Married Couples Need Estate Plans Too

On Behalf of | Oct 25, 2017 | Firm News

It is a common misconception amongst many married people in the Saint Paul area that they do not believe they need estate plans. Many of them do not realize the importance of having estate planning documents in place. 

If you are thinking about getting marries or are already married, you should consider taking steps to get your estate in order before you die. If you do not, your spouse and kids may not get their inheritances. Take some time to review the following reasons why estate planning is beneficial for married couples. 

Benefits of estate planning 

Estate planning provides many benefits for both single and married individuals. Besides allowing them to maintain control of their assets, it also: 

  •        Offers financial protection for loved ones
  •        Reduces estate taxes and fees
  •        Allows you to choose guardianships for children
  •        Manages the transfer of shared assets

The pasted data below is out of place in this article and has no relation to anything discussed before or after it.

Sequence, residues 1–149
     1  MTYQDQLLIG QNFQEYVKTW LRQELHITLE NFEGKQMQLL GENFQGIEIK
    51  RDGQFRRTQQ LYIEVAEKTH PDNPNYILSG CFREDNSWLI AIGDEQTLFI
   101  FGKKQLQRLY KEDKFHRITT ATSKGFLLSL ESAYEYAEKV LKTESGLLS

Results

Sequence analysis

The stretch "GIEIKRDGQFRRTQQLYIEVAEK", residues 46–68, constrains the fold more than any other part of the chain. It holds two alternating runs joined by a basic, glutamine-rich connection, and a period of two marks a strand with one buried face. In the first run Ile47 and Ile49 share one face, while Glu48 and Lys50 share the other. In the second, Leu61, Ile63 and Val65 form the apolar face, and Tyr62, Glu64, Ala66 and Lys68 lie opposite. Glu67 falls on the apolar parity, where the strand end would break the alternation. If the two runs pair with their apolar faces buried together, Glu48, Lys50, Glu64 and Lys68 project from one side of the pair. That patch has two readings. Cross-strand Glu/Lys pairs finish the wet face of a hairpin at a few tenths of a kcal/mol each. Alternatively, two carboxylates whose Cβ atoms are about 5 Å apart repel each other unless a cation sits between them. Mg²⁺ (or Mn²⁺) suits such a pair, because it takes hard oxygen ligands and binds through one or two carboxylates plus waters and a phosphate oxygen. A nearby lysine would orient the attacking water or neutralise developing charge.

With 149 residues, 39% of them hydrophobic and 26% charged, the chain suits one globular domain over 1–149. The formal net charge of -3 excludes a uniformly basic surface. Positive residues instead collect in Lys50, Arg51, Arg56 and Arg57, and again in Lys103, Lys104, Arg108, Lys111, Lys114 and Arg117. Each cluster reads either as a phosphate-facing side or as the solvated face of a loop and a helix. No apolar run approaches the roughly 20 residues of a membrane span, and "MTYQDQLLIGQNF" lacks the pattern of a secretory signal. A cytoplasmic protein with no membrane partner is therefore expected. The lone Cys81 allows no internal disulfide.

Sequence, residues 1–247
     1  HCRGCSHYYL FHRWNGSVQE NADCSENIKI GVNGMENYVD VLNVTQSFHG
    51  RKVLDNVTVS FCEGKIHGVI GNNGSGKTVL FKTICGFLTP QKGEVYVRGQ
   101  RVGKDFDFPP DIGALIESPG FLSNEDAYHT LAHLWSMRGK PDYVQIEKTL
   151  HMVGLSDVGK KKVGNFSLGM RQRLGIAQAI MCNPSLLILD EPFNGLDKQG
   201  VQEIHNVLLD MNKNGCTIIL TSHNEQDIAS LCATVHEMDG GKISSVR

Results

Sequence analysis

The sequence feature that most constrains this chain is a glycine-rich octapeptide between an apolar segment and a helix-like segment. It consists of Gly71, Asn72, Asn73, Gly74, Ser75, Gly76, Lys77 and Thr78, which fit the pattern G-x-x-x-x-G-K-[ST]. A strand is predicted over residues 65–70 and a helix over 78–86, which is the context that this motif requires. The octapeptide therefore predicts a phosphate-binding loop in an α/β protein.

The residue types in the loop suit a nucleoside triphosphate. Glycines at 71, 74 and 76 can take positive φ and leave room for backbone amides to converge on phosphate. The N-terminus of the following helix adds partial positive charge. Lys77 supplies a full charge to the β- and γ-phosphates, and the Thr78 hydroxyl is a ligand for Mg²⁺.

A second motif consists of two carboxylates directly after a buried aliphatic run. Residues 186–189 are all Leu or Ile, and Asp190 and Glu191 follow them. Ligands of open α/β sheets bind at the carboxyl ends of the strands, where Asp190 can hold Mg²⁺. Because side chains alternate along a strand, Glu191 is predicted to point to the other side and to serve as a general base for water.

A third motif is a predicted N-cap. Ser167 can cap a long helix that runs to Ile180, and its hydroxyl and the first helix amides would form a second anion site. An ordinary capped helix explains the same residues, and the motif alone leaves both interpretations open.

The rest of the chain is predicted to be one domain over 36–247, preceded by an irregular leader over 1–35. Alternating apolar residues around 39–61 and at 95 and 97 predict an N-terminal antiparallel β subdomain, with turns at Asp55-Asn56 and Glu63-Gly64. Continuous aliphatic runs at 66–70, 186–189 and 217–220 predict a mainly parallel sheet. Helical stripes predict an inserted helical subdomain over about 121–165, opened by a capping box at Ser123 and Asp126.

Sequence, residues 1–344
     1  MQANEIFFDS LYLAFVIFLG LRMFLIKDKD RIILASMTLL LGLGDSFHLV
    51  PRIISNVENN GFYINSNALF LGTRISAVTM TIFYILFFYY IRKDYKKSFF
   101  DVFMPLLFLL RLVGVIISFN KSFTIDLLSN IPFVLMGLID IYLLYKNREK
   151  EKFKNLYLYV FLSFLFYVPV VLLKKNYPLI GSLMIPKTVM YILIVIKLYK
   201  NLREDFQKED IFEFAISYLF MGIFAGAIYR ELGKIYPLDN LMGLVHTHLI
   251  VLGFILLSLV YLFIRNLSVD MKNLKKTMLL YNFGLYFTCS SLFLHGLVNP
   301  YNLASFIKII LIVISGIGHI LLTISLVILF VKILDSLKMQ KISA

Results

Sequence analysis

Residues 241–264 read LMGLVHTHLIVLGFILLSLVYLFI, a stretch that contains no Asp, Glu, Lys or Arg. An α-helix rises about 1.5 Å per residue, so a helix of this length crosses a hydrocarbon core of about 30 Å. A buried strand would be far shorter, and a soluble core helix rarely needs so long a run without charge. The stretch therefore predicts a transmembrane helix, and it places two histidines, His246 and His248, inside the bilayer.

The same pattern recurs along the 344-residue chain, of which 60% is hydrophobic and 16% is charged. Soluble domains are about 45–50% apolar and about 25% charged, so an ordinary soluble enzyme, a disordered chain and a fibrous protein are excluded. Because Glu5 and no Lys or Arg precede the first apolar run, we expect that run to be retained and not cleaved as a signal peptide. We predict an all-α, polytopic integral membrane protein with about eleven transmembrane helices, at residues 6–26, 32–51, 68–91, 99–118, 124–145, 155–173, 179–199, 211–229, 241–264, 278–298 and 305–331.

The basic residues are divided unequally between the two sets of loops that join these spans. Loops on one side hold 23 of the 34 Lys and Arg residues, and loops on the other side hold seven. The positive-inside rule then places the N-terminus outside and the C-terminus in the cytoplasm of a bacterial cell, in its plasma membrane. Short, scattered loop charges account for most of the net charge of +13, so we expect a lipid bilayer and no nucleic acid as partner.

There are so many different avenues one can take when creating estate plans. Careful consideration must be given to every possible outcome to maximize their effectiveness and protection. 

Considerations about estate plans for couples 

It is not uncommon for married people to have differing views about estate planning. They may also have personal information they do not want their spouses or family members to learn about. Couples are not required to create joint estate plans. However, they can leave behind joint and personal estate plans. 

Avoiding conflicts of interests 

Sometimes, couples may leave behind multiple estate planning documents that create a conflict of interest. One example is when one person has kids from a previous marriage she or he wants to financially provide for upon death. This person’s spouse may not agree with her or his partner’s desire to make biological kids beneficiaries instead of their stepchildren. 

Whether you and your spouse are creating joint estate plans or focusing your efforts on individual ones, you may want to speak with an attorney to learn strategies that can help you protect your legacy and interests.